After surviving all the wind storms I sat through in Quartzsite this winter, my awning has suffered a catastrophic failure.
But did you ever stop to ponder why we know it’s true
If you drop a broken egg you will not get an egg that’s new
That’s entropy or E-N-T-R-O to the P to the Y
The reason why the sun will one day all burn out and dieEntropy, MC Hawking
Not long after my bike ride through Oatman, I was just sitting in the van doing some writing. A sudden strong gust of wind lifted the awning, ripped the stakes out of the ground, and tossed the whole thing over my roof before I even knew what was happening.
The fabric itself was fine (and, fortunately, so are my solar panels that it landed on top of), but the poles got all bent up. The worst part, and how I knew there was no fixing it, was that half the rivets pulled out that hold the awning itself to the giant mounting bracket running along its entire length. Even if I roll it up and zip it inside its bag, I can’t be certain that the bag won’t finish tearing off as I drive down the road. As the great philosopher Dr. Leonard McCoy often said, “He’s dead, Jim.”
I removed the awning from the mounting brackets I fabricated (which themselves got badly bent), and then the brackets themselves to clean up the look. I will not be replacing the awning. I only had it for six months, and most of the time I had it I’ve been contending with the wind. Either I haven’t been able to set it up because of wind, or I’ve been caught with it up when the wind picked up, in situations where it was safer to leave it up and tied down than to try taking it down in a strong wind. Since I plan to continue spending a great deal of time in the southwest, tI’ll have to keep contending with strong winds like this. As much as I appreciate the shade it provides, especially in the desert where there isn’t much, an awning simply doesn’t work for me.
On top of that, the bike has a new issue as well. The right fork seal has sprung a leak, and is starting to spew the oil from inside the fork. This not only makes a mess, but also degrades suspension performance, and opens the risk of dirt getting inside and ruining things. I’m not planning on doing any more trail riding for a while after my last experience, but it’s still a problem I should get fixed.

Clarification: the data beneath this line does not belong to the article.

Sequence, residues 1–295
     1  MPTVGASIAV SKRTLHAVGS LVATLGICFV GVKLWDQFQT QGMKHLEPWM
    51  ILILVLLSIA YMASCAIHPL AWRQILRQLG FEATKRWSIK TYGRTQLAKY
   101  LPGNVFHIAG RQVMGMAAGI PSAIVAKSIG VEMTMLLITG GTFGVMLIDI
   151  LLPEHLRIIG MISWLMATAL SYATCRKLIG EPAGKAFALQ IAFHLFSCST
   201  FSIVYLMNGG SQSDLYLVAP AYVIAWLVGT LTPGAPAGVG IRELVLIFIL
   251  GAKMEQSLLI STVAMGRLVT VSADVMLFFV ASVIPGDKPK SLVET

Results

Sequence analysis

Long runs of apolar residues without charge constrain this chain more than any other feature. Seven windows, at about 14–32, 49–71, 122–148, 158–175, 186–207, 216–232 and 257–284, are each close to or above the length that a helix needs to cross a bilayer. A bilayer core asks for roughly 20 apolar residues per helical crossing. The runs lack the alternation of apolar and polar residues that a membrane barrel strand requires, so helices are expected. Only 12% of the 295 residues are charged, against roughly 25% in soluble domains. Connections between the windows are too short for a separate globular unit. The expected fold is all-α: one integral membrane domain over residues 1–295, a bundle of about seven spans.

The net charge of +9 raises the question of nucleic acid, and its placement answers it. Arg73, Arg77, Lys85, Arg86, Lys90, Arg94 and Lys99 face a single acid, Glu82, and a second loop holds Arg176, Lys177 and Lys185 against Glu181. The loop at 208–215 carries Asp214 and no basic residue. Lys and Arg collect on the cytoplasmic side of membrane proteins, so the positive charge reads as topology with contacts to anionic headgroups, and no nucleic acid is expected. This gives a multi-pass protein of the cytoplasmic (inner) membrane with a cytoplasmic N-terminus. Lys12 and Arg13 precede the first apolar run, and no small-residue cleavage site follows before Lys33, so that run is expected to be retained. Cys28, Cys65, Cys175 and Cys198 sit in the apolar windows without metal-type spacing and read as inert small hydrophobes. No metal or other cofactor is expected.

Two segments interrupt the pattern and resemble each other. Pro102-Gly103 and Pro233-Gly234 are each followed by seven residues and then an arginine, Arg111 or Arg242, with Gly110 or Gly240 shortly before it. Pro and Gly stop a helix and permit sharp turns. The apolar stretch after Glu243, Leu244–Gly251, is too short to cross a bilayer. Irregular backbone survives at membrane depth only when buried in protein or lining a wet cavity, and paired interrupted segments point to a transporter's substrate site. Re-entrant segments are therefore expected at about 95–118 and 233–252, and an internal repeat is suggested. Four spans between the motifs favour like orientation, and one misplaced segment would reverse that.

As confirmed by my Kawasaki service tech friend, this is beyond my ability to tackle in a field somewhere. There are special tools involved, plus I need to keep all the parts clean, something I can’t guarantee in the middle of the desert. I called a Kawasaki dealer in Pahrump, Nevada, where I’m planning to make my way and spend some time. They can certainly do the work for me — a month from now. I’m going to be long gone by then. They also wanted ten times as much money for the radiator fan switch (might as well fix everything while I’m there) than the one I found for sale online. So I’ll have to figure something else out. For now, the bike’s still safe to ride, but I’m mainly going to stick to the street to avoid dust, dirt, and particularly bouncy conditions. I still need to figure out how to get this fixed.
My spirits were lifted by the return of Melinda. Once again, we happened to be going to the same place at the same time. The boondocking spot I’d chosen was big enough for a few vans, so I invited her to join me while she was exploring Oatman for herself.
I broke out my good glasses (the only glass ones I have, because work sent them to me) and a bottle of port to enjoy. We enjoyed a nice sunset over the California mountains, and then a small campfire. She also loaned me a travel book all about places to see in Oregon. I took a whole lot of notes about places to check out when I get up that way.
Today was a roller coaster. It started out wonderful with the bike ride. Then it got pretty depressing with the busted awning and discovering the fork seal leak. But then it got better thanks to Melinda and her company to bust my brain out of the funk it was in. Now, sleep. Tomorrow is a fresh start.